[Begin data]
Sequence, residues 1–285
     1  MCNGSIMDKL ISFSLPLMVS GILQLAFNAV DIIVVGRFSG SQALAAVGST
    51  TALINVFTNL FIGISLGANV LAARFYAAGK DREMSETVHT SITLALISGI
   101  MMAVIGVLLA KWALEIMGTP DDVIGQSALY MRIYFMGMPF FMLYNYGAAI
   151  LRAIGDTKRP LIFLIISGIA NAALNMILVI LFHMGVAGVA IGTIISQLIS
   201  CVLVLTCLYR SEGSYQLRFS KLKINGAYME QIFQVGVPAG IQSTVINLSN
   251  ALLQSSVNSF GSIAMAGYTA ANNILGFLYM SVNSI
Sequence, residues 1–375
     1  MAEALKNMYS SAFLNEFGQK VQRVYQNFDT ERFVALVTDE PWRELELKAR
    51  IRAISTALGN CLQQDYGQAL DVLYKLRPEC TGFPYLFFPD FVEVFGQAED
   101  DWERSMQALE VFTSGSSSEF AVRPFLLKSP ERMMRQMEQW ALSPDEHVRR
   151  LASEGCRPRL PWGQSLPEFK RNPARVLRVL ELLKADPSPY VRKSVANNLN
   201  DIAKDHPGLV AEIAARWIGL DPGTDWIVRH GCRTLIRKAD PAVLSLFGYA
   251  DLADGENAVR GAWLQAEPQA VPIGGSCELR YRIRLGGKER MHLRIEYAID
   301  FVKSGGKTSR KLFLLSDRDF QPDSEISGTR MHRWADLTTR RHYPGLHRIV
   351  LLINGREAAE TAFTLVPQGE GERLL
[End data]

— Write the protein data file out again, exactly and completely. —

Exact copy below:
Sequence, residues 1–285
     1  MCNGSIMDKL ISFSLPLMVS GILQLAFNAV DIIVVGRFSG SQALAAVGST
    51  TALINVFTNL FIGISLGANV LAARFYAAGK DREMSETVHT SITLALISGI
   101  MMAVIGVLLA KWALEIMGTP DDVIGQSALY MRIYFMGMPF FMLYNYGAAI
   151  LRAIGDTKRP LIFLIISGIA NAALNMILVI LFHMGVAGVA IGTIISQLIS
   201  CVLVLTCLYR SEGSYQLRFS KLKINGAYME QIFQVGVPAG IQSTVINLSN
   251  ALLQSSVNSF GSIAMAGYTA ANNILGFLYM SVNSI
Sequence, residues 1–375
     1  MAEALKNMYS SAFLNEFGQK VQRVYQNFDT ERFVALVTDE PWRELELKAR
    51  IRAISTALGN CLQQDYGQAL DVLYKLRPEC TGFPYLFFPD FVEVFGQAED
   101  DWERSMQALE VFTSGSSSEF AVRPFLLKSP ERMMRQMEQW ALSPDEHVRR
   151  LASEGCRPRL PWGQSLPEFK RNPARVLRVL ELLKADPSPY VRKSVANNLN
   201  DIAKDHPGLV AEIAARWIGL DPGTDWIVRH GCRTLIRKAD PAVLSLFGYA
   251  DLADGENAVR GAWLQAEPQA VPIGGSCELR YRIRLGGKER MHLRIEYAID
   301  FVKSGGKTSR KLFLLSDRDF QPDSEISGTR MHRWADLTTR RHYPGLHRIV
   351  LLINGREAAE TAFTLVPQGE GERLL